Erectile Dysfunction & Depression / Anxiety
Mental health problems can affect our daily life and routine activities, and for men, this might mean their sexual performance and ability to have erections. Some researchers have found that almost a quarter of men with erectile dysfunction (ED) can also suffer from depression, anxiety, or both.
Depression and anxiety are two very common health and unfortunately, they can lead to or worsen erectile dysfunction.
As we All know, that the connection between mental health and ED is real. Here’s how depression and anxiety can disrupt signals from the brain to the penis, and what steps you can take to overcome this.
How are depression and anxiety related to erectile dysfunction?
There’s good stress and bad stress when it comes to sexual performance, and depression and anxiety fall under the latter. When your brain experiences healthy stress — for example, from exercise, a new relationship, or a promotion at work — your body tends to release testosterone. When you’re sexually stimulated, that extra testosterone helps to relax the blood vessels in your penis and cause an erection.
However, when your brain is under unhealthy stress — for example, from traumatic events, relationship problems, or work stress — your body can release a hormone called cortisol instead. Cortisol constricts the blood vessels in your penis. When blood can’t flow properly to your penis, that’s when you may have difficulty achieving an erection.
Over time, chronic stress (chronically high cortisol levels) decreases the amount of testosterone your body makes. Low testosterone is common in men with mental health issues like depression and anxiety who experience erectile dysfunction.
As antidepressants are help ful in boosting a person’s mood or sense of self-worth, some types of antidepressants — for example, the selective serotonin reuptake inhibitors (SSRIs) — can have undesirable side effects. Those side effects can result in sexual problems.
What types of sexual problems are associated with antidepressants?
Sexual problems with antidepressants may include:
- Inability to initiate or enjoy sex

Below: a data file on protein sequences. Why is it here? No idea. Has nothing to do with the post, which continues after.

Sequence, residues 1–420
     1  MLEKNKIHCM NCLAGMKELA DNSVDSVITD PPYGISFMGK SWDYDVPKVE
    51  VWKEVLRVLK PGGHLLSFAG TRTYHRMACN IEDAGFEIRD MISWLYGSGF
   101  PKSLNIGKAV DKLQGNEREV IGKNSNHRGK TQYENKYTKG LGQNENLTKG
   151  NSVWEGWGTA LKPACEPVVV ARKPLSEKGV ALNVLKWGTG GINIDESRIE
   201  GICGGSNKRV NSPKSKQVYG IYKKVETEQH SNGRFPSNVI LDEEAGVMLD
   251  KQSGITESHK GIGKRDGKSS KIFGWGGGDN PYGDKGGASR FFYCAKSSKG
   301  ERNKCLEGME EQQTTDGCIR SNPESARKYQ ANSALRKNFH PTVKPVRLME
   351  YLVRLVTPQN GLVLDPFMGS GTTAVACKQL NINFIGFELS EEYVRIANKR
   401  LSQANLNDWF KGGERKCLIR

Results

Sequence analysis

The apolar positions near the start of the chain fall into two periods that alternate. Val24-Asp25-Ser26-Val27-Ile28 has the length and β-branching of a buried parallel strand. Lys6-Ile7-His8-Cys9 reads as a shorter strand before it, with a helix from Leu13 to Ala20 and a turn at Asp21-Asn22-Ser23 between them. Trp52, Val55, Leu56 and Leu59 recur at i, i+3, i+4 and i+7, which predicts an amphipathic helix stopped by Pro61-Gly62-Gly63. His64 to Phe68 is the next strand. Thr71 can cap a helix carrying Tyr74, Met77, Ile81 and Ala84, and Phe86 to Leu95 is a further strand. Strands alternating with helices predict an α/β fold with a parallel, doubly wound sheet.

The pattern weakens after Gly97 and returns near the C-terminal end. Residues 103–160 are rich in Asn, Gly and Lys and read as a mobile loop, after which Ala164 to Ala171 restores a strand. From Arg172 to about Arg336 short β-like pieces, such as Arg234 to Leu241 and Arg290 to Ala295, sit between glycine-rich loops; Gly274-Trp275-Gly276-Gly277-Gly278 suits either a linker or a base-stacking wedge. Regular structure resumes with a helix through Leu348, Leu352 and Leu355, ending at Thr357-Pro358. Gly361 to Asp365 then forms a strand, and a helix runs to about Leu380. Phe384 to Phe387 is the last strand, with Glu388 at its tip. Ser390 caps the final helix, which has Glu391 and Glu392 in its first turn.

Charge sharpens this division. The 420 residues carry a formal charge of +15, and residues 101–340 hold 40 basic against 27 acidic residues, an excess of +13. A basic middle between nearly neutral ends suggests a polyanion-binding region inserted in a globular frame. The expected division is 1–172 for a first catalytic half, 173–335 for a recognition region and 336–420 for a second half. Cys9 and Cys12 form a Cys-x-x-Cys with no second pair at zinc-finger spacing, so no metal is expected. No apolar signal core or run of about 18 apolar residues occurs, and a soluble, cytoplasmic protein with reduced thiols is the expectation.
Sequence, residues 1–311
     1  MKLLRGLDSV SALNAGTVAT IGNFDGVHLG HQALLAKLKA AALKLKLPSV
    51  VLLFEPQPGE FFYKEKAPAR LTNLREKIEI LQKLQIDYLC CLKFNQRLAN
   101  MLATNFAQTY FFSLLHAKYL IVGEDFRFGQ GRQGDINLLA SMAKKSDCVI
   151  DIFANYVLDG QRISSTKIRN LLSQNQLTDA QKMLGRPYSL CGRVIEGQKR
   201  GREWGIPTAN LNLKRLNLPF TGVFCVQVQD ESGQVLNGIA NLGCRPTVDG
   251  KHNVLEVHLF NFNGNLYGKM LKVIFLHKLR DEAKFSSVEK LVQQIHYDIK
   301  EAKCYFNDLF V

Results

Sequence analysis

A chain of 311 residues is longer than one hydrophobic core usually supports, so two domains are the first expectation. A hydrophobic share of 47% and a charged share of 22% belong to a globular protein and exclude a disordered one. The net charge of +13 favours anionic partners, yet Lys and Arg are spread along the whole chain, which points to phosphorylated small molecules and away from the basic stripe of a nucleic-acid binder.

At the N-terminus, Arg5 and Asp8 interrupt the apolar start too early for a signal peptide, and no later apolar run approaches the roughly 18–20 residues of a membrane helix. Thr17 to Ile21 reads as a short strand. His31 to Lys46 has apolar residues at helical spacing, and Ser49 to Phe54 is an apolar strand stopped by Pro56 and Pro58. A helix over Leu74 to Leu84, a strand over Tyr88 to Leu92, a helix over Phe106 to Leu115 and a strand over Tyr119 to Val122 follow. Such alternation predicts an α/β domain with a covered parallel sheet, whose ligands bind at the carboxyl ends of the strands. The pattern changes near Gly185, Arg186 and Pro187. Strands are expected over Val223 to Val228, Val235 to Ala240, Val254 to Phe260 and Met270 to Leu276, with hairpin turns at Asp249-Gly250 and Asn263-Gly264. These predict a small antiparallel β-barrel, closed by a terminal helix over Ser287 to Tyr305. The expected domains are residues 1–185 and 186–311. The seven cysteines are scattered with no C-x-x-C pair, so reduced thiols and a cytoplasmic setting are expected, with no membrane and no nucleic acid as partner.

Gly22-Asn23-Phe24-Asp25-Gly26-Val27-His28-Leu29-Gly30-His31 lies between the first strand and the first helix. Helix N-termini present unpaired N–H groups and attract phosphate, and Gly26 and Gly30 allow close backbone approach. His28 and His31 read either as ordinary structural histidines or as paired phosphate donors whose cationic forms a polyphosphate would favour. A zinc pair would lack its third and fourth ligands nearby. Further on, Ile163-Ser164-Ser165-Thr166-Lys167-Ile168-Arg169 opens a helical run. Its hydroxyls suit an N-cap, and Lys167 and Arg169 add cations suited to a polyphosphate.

- Erectile dysfunction (ED) or delayed ejaculation for men
- Decreased sexual desire
- Inability to achieve an orgasm
While the answer to this question is different for everyone, there are three main steps your doctor will take to help you with your erectile dysfunction if you also experience depression or anxiety.
1) Determine if your ED is caused by another health problem
Most erectile dysfunction symptoms (including premature ejaculation) are linked to physical (not psychological) conditions, so it’s important to make sure your body is physically healthy. Things like diabetes, smoking, heart disease, and prostate cancer are common causes of ED. If you are otherwise physically fit but are experiencing depression or anxiety, your doctor will give treatment for that.
2) Treat your depression or anxiety
When erectile dysfunction is caused by depression or anxiety, Doctors will focus first and foremost on treating your mental health issues, whether through therapy and/or prescription medications. If you can relieve your mental stressors, your erectile dysfunction symptoms are likely to improve, too.
While some men might see taking medication for mental health as embarrassing, just know that it can make a huge difference in your quality of life. Also, remember that many of the antidepressants and anti-anxiety medications out there take about 4 to 6 weeks to really start working, so don’t get discouraged if you’re not feeling any changes right away.
In recent years, we’ve been getting more and more questions about pornography-induced erectile dysfunction. While watching these kinds of videos isn’t a mental health disease, it does have to do with the mind having an effect on sexual health.
studies so far have shown that the more frequently men watch pornographic videos, the more frequently they experience ED symptoms. The men in these studies were otherwise healthy and under 40 years of age. Many of these men found that over time, they either had to watch more videos or watch more extreme content to achieve an erection. Many also found that they couldn’t enjoy sex with their partners as much. research shows that this phenomenon can be reversed by not watching pornography for a few weeks.
4) Treat the erectile dysfunction directly
Sometimes, even after you’ve figured out how to manage your mental health issues, (Depression & Anxiety) you may still have symptoms of erectile dysfunction. For example, ED is a possible side effect of many antidepressants and anti-anxiety medications. If that’s the case, there are medications available that just treat erectile dysfunction, directly .